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Periodic Boundaries with Pressure Drop Type 2


MUST be translationally periodic Designed to model fully-developed conditions


Fully-developed flow in pipes and ducts Tube banks

computational domain

Periodic heat transfer also possible Specify either:

Mean pressure gradient per period Net mass flow rate

flow direction

Streamlines in a 2D tube heat exchanger


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Axis Boundaries

Used:

At centerline (y=0) of an axisymmetric grid Where multiple grid lines meet at a point in a 3D O-type grid

Specify:

No inputs required
AXIS boundary

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Internal Cell Zones


Purpose of Boundary Conditions Setting Boundary Conditions


Flow Inlets and Exits Wall, Repeating, and Pole Boundaries Internal Cell Zones

Fluid Porous

Type of fluid zone

Solid

Internal Face Boundaries

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Fluid Conditions

Fluid zone = group of cells for which all active equations are solved. Only required input is type of fluid material

So appropriate material properties used

Optional inputs allow setting of source terms:


Heat Turbulence Species Mass Momentum

Can define motion for fluid zone If rotationally periodic boundaries adjacent to fluid zone, use rotation axis. Define fluid zone as laminar flow region if modeling transitional flow.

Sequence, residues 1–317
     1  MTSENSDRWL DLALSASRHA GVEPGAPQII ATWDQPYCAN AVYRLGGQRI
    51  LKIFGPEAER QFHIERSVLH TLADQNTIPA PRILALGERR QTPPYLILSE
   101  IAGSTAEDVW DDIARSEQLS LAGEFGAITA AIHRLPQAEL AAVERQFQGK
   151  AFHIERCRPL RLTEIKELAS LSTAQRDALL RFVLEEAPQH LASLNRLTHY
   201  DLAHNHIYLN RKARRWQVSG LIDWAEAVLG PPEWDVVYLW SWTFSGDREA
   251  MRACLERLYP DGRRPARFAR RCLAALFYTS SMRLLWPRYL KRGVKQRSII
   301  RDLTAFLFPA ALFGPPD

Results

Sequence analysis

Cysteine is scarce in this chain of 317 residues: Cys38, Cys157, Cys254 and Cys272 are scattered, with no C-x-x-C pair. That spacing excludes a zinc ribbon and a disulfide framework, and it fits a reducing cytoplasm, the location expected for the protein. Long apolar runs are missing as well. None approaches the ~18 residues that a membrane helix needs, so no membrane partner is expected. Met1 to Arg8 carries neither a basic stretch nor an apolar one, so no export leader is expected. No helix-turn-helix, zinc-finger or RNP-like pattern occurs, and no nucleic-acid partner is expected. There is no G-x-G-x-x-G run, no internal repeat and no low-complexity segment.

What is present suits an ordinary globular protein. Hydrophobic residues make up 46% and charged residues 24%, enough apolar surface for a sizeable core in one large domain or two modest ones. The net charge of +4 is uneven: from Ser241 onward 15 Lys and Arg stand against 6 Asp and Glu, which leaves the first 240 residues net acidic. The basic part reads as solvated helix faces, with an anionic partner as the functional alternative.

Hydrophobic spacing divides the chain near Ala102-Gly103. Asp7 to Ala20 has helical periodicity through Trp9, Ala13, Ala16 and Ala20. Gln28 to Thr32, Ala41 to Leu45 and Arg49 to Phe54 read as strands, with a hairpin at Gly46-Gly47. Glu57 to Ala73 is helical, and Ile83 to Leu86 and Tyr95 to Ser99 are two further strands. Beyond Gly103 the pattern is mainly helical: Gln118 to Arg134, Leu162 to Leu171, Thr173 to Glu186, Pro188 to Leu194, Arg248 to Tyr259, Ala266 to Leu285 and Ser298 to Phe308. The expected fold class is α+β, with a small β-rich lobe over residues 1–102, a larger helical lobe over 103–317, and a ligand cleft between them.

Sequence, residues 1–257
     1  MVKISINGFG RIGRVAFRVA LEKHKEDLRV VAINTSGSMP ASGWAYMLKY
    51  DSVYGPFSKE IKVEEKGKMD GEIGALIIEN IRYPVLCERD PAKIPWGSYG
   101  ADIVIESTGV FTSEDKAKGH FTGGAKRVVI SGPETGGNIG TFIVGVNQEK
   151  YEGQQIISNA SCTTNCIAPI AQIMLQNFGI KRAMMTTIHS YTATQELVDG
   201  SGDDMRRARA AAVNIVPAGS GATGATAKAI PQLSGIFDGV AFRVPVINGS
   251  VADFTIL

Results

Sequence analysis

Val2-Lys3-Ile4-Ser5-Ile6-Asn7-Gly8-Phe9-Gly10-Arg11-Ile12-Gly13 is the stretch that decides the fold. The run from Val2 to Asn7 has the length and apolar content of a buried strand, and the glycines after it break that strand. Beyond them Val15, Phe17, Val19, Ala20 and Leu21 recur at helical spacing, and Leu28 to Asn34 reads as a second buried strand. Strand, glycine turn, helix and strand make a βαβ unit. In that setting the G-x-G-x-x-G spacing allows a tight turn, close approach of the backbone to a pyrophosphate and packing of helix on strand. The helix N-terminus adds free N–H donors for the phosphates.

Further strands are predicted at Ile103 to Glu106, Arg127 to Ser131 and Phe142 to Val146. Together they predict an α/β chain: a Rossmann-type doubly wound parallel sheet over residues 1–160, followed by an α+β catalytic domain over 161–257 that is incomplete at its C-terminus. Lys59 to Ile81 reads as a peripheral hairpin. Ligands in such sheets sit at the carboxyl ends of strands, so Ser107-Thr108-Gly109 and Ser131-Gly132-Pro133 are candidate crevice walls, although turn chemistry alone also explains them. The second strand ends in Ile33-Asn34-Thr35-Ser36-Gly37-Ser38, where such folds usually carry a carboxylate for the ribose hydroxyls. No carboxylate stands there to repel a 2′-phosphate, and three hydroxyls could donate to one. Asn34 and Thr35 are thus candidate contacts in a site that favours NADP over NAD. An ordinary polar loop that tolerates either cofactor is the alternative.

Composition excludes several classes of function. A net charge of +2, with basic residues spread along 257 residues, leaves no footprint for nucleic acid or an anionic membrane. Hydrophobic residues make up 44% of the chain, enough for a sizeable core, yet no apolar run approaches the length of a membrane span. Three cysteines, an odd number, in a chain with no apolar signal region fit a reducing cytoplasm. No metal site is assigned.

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Porous Media Conditions

Porous zone modeled as special type of fluid zone.


Enable Porous Zone option in Fluid panel. Pressure loss in flow determined via user inputs.

Used to model flow through porous media and other distributed resistances:

Packed beds Filter papers Perforated plates Flow distributors Tube banks

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Solid Conditions

Solid zone = group of cells for which only heat conduction problem solved.

No flow equations solved

Material being treated as solid may actually be fluid, but it is assumed that no convection takes place. Only required input is material type

So appropriate material properties used.

Optional inputs allow you to set volumetric heat generation rate (heat source). Can define motion for solid zone Need to specify rotation axis if rotationally periodic boundaries adjacent to solid zone.

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Internal Face Boundaries

Defined on cell faces


Do not have finite thickness Provide means of introducing step change in flow properties. Fans Radiators Porous jump

Used to implement physical models representing:


Thin porous membranes

Interior wall

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Summary

Zones are used to assign boundary conditions. Wide range of boundary conditions permit flow to enter and exit solution domain. Wall boundary conditions used to bound fluid and solid regions. Repeating boundaries used to reduce computational effort. Internal cell zones used to specify fluid, solid, and porous regions. Internal face boundaries provide way to introduce step change in flow properties.